During my college days at Wesleyan, I was blessed with the opportunity and challenge of serving as the editor of Expression, an annual poetry magazine that showcased the brilliant words and art of Black and Latinx students which I write about in I Too Am America: On Loving and Leading Black Men & Boys on pages 76-78. One of my favorite aspects of this leadership assignment was organizing regular poetry readings in the Marcus Garvey Lounge in the Malcolm X House. There was soft music, wine & cheese, incense, low lights, and an ethos of love, safety and belonging in those spaces. And, of course, amazing poetry readings.

While I was a mediocre poet at best, serving as the organizer of the poetry readings ensured that I was on the program, and provided a place and platform to recite my poetry before a family audience, like the proverbial little boy shoved before the congregation to deliver a memorized scripture on Easter Sunday (no audible boos or hisses could be heard). It was in those spaces that I was able to nurture my love for words and creative expression.

Yet, what I truly loved most about organizing the poetry readings was the chance to convince classmates that had written for Expression – or disclosed secretly that they were poets but didn’t want anybody else to know it – to recite their poetry before an audience for the very first time. One such classmate, Sonia, was rather bashful when it came to her art and balked at the mere suggestion of reading aloud in front of an audience! Ultimately, however, she relented and took to the stage, a day that I will not soon forget.

Perhaps it was the wine and cheese, but when she debuted her work in front of a live audience it was thrilling to witness her literally light up as her personal, penetrating prose moved the audience. The glimmer in the eyes, the bright smile of both relief and revelation after performing for the first time, in that space, has always remained with me. Sonia’s lyrical leap into the live performance space gave others the courage to do the same.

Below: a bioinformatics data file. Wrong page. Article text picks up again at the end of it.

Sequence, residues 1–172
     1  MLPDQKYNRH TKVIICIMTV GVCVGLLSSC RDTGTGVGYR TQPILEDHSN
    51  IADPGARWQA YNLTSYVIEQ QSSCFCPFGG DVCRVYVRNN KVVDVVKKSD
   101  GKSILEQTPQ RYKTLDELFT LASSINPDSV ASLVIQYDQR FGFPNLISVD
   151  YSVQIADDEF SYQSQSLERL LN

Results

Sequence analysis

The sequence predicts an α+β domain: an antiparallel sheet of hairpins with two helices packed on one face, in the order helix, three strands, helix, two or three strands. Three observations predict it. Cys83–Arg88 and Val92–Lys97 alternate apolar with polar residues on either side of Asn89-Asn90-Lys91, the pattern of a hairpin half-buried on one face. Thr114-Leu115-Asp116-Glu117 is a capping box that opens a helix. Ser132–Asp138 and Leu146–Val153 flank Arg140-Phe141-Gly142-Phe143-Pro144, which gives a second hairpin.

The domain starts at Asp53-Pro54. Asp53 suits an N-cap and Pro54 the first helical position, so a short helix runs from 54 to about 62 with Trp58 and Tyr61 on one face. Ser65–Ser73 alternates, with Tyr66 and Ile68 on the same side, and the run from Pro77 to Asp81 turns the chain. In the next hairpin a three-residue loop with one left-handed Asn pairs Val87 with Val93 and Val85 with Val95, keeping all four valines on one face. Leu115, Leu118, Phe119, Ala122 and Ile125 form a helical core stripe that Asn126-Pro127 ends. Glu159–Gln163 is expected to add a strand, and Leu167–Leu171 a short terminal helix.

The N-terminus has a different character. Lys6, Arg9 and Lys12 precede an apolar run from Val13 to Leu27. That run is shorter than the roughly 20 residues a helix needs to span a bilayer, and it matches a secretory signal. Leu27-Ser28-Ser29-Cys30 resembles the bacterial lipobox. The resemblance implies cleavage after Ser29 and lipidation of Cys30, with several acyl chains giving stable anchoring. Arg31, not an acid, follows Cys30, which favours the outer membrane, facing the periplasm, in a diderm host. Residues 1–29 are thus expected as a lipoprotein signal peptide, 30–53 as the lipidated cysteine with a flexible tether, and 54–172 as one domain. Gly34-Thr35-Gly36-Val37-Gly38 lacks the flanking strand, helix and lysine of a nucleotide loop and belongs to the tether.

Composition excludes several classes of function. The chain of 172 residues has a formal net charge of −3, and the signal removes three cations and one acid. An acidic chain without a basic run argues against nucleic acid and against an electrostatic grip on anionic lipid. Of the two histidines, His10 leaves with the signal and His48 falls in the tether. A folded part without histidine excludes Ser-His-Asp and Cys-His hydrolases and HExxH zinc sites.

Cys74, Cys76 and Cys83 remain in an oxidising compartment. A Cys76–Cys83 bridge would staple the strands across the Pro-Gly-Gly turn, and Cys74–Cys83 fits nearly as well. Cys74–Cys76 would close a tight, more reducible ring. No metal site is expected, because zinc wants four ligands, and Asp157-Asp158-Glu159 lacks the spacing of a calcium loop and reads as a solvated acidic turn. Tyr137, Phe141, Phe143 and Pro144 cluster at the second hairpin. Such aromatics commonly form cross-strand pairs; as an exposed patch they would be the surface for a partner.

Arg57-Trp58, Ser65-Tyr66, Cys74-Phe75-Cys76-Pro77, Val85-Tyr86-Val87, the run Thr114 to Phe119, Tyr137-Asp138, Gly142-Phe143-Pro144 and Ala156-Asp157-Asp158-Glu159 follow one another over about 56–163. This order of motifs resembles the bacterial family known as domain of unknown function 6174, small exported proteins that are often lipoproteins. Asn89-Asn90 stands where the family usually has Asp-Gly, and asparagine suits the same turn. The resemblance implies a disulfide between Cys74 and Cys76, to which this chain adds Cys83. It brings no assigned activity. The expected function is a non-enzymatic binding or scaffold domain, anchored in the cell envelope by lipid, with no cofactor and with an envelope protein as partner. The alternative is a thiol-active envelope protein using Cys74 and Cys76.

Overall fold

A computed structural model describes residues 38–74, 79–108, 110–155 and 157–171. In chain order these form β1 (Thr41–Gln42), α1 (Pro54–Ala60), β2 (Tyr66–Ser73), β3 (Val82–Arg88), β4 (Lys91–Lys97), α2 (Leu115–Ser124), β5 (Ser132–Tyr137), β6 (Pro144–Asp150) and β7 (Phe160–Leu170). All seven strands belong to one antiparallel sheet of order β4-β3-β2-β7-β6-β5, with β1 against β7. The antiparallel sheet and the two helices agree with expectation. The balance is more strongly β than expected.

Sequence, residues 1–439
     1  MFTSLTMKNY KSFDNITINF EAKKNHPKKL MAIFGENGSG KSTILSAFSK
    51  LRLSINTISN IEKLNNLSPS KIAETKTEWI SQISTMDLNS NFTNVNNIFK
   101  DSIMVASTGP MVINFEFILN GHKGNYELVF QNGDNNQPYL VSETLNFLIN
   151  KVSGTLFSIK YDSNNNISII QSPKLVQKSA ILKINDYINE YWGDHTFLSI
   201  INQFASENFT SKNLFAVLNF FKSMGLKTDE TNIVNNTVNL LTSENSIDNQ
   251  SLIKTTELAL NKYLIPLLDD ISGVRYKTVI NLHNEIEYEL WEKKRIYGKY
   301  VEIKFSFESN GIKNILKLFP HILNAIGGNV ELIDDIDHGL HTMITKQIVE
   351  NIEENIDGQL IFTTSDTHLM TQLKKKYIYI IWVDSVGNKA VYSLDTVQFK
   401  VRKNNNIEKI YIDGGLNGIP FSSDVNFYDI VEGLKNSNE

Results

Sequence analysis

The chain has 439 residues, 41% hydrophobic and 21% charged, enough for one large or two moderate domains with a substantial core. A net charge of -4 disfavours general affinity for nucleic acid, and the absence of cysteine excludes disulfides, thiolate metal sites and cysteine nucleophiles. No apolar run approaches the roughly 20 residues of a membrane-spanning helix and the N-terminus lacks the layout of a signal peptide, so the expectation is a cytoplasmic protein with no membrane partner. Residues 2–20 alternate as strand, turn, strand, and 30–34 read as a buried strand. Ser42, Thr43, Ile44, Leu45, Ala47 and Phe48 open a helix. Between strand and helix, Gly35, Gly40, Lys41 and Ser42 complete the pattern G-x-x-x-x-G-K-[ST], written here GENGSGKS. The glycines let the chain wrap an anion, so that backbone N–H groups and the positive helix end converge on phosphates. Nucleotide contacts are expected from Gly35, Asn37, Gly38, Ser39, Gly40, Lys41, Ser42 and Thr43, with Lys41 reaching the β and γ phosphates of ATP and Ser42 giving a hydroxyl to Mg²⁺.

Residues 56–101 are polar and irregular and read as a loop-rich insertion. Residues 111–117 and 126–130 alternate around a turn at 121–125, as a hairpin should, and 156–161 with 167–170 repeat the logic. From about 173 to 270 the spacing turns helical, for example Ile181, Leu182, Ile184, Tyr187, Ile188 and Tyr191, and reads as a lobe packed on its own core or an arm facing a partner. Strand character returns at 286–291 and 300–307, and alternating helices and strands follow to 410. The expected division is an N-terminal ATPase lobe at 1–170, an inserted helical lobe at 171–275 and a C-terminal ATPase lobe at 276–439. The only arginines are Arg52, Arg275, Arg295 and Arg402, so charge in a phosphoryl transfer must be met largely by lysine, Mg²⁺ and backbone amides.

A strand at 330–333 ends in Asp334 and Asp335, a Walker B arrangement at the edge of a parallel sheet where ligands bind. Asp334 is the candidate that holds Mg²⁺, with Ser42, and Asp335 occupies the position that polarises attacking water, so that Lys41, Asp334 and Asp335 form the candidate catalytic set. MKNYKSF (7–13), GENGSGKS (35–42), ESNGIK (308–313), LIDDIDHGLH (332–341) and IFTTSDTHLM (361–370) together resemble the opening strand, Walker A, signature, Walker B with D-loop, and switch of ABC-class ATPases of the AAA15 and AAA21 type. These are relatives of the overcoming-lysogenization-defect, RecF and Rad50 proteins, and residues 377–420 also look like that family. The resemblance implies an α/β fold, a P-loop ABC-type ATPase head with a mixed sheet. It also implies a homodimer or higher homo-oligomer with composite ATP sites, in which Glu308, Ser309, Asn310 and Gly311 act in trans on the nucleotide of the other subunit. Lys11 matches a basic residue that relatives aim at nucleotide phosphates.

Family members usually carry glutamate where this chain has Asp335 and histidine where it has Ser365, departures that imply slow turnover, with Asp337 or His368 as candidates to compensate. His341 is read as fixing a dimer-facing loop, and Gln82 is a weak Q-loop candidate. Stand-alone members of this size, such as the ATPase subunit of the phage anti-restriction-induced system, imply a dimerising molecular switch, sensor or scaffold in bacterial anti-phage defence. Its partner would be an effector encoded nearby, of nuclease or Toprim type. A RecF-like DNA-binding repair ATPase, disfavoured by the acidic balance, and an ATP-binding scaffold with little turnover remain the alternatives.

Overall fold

So today, I am sending #ThankYouThursday love to all of the Sonia’s of the world, who take risks to share their art, cultural expression, and vulnerable stories with the rest of us.

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In Their Words…

While you’re there, I also urge you to check out and support some of the inspiring Black male authors who motivated me to write and publish my story. These authors, who are also dynamic, dedicated leaders within the national Black Male Achievement movement, include (listed below from L to R): Jason Wilson, Author of Cry Like A ManShaka Senghor, Author of Letters to the Sons of SocietyGregory Corbin, Author of Breathing Ashes: A Poetic Guide To Walking Through The Fire And Coming Out RebornRichard L. Taylor, Author of 31 Days of Power: A Simplified Approach to Everyday Mental HealthChris Wilson, Author of The Master Plan: My Journey from Life in Prison to a Life of Purpose; and Benjamin Carlton, Author of I’m Black, I’m a Minister, and I’m Gay.

Each of their books, to borrow from Shaka’s words, “expand the narrative” of Black men as vulnerable, comprehensive, nurturing and creative contributors to our collective stories. For this, I am grateful.

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